Date: January 23, 2023
Time: 10:00 am - 3:30 pm
Location: Moore B280
Welcome and Introductions
Wireless Bioelectronic Devices for Long-term Treatments and Cures
Dr. Siddharth Krishnan, Postdoctoral Scholar, MIT
Recent advances in engineering science have led to new classes of medical devices with enhanced functionality and longevity. In this talk, I will discuss conceptual advances in microfabrication, device integration and microscale transport phenomena that enable novel biosensors and drug delivery systems, with an emphasis on two recent examples from my work: (i) Wearable flow sensors, enabled by soft, skin-compliant mechanics with applications in neurosurgical diagnostics; (ii) advanced bioelectronic systems for drug delivery for a range of novel therapeutics. Each of these will form critical advances leading to integrated bioelectronics for minimally invasive, closed-loop therapeutics for a broad spectrum of diseases.
Siddharth Krishnan is a postdoctoral associate in the groups of Prof. Daniel Anderson and Prof. Robert Langer at the Koch Institute for Integrative Cancer Research at MIT and a research affiliate at Boston Children's Hospital. He received BS and MS degrees in Mechanical Engineering from Washington University in St. Louis, and his PhD in Materials Science and Engineering from the University of Illinois at Urbana-Champaign from Prof. John Roger's group. His work has focused on the development of bioelectronic devices for sensing and therapeutics. He has published over 20 scientific papers, is an inventor on 2 patents and several patent applications and co-founded a company focused on translating his graduate work on wearable diagnostic tools for neurological surgery. His work has been recognized through several awards, including a K99/R00 pathway to independence grant from the NIH, a postdoctoral fellowship from the Juvenile Diabetes Research Foundation, the 2019 Illinois Innovation Prize, and being named on MIT Technology Review's Global Innovators Under 35 list and on Forbes 30 under 30 list in science.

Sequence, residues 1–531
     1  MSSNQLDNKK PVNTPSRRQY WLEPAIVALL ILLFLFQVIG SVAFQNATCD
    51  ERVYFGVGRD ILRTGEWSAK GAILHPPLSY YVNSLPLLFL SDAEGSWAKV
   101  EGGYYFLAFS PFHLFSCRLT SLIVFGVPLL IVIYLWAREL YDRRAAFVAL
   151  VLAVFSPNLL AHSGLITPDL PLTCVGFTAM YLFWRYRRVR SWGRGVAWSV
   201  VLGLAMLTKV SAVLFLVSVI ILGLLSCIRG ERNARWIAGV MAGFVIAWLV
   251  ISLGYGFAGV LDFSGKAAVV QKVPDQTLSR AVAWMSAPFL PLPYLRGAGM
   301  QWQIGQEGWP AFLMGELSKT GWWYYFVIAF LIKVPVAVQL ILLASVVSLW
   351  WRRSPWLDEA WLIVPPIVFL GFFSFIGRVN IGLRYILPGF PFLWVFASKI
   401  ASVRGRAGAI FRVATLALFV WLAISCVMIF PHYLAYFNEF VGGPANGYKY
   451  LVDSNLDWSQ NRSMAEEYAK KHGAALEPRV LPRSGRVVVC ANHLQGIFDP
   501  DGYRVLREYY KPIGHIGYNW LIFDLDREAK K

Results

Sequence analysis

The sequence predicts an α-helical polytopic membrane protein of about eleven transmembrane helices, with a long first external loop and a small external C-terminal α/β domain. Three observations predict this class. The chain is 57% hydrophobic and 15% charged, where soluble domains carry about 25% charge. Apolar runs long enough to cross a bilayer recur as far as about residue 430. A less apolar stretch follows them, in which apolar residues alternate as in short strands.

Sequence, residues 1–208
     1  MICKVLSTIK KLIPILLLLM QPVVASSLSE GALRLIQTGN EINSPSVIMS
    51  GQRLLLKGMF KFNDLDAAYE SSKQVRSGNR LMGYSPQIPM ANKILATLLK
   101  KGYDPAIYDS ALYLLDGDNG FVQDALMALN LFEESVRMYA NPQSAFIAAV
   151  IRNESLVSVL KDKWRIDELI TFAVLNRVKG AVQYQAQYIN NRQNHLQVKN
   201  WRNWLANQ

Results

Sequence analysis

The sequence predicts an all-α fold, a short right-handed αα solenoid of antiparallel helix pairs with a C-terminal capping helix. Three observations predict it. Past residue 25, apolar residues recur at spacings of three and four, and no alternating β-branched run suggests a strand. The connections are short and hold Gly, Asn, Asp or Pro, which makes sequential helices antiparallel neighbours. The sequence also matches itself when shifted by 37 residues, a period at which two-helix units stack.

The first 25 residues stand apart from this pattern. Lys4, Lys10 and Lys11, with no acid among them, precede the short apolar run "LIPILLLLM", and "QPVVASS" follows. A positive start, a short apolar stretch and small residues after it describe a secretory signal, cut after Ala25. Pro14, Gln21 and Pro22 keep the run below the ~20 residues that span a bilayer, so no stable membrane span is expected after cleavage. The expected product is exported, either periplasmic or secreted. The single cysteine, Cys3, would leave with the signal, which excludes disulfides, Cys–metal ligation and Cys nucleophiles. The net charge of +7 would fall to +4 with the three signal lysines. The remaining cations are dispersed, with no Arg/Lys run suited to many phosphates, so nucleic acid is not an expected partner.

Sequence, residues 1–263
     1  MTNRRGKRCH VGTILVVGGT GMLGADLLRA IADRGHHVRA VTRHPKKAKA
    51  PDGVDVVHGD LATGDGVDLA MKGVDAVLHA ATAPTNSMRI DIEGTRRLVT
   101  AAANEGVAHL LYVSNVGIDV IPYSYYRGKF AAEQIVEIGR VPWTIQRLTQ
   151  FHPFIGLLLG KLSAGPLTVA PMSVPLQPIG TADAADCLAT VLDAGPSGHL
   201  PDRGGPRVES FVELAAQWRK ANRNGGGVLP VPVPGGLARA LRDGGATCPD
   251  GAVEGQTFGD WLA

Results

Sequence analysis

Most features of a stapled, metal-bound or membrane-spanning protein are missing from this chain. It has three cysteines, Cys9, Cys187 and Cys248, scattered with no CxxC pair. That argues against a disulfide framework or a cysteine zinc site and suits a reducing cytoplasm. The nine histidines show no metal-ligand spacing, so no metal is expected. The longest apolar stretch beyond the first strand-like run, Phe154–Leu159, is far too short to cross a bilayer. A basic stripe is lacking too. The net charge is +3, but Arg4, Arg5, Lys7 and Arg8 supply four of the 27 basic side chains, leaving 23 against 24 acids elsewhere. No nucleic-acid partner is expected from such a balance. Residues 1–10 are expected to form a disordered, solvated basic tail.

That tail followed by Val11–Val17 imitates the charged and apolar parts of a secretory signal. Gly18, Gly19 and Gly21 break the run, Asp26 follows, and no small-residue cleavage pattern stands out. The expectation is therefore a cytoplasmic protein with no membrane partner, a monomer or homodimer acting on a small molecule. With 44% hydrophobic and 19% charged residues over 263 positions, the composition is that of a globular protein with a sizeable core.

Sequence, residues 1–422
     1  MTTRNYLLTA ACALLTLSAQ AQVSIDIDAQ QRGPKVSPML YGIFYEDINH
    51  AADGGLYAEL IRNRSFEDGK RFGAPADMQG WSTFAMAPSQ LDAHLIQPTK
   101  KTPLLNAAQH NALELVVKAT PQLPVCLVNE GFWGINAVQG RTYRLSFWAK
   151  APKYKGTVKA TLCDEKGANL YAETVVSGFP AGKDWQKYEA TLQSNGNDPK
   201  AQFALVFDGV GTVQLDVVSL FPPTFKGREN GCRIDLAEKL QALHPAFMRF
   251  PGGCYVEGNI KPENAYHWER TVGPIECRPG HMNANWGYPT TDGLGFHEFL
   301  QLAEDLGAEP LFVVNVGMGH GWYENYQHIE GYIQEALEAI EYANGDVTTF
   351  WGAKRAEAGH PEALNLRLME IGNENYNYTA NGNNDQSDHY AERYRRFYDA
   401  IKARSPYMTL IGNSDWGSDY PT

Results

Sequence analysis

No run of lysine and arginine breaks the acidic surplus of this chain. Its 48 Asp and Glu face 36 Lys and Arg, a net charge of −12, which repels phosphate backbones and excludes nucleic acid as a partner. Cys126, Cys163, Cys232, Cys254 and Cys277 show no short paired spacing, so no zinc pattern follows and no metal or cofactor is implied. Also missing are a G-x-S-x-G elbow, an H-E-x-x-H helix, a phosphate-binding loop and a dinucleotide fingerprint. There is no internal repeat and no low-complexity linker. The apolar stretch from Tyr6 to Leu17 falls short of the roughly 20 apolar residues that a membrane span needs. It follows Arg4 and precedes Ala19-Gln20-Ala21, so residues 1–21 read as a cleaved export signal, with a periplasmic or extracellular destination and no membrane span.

Dynamic Bio-interfacing Functional Materials
Dr. Vivian Feig, Postdoctoral Scholar, MIT
Functional materials with dynamic mechanical properties are needed to enable next-generation medical technologies to be less invasive and more convenient for patients. However, imparting dynamic properties like stretchability and injectability often comes at the expense of functional performance. In this talk, I will show how soft matter can enable bio-interfacing materials to circumvent the tradeoff between dynamism and functionality for two particularly difficult use cases: bio-electronics and load-bearing materials. First, bio-electronic devices traditionally are limited by their extreme mismatch in mechanical properties compared to soft tissues. We addressed this mismatch by harnessing the toolkit of polymer science and engineering to design novel conductors that are as soft as biological tissue, stretchable enough to conform to moving organ surfaces, and capable of being injected without sacrificing conductivity. Next, high-strength metal-based devices like orthopedic implants typically require invasive insertion and retrieval methods, while passively-degradable metals continuously weaken over time. To eliminate the need for device retrieval without compromising on mechanical properties, we used a biocompatible liquid metal to develop a strategy to trigger the on-demand breakdown of high-strength biomedical metals.These examples highlight the significant potential for soft matter to transform next-generation biomaterials and medical devices. I will conclude the talk by sharing my vision of a generalizable design strategy for realizing dynamic bio-interfacing functional materials. My future research group will develop and apply these materials towards improving the accessibility of medical technologies, including injectable electronics, injectable high-strength biomaterials, and ingestible robotics.